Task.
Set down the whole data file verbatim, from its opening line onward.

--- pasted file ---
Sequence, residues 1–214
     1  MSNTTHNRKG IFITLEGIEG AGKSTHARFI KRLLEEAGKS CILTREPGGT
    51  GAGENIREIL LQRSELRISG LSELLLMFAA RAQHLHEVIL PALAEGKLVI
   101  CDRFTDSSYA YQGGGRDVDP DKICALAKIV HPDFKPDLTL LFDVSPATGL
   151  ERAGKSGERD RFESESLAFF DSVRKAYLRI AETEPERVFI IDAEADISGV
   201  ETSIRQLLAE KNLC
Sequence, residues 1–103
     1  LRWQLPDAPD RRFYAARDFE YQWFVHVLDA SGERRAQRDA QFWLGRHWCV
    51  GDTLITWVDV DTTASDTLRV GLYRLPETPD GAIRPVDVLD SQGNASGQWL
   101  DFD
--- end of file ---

Sequence, residues 1–214
     1  MSNTTHNRKG IFITLEGIEG AGKSTHARFI KRLLEEAGKS CILTREPGGT
    51  GAGENIREIL LQRSELRISG LSELLLMFAA RAQHLHEVIL PALAEGKLVI
   101  CDRFTDSSYA YQGGGRDVDP DKICALAKIV HPDFKPDLTL LFDVSPATGL
   151  ERAGKSGERD RFESESLAFF DSVRKAYLRI AETEPERVFI IDAEADISGV
   201  ETSIRQLLAE KNLC
Sequence, residues 1–103
     1  LRWQLPDAPD RRFYAARDFE YQWFVHVLDA SGERRAQRDA QFWLGRHWCV
    51  GDTLITWVDV DTTASDTLRV GLYRLPETPD GAIRPVDVLD SQGNASGQWL
   101  DFD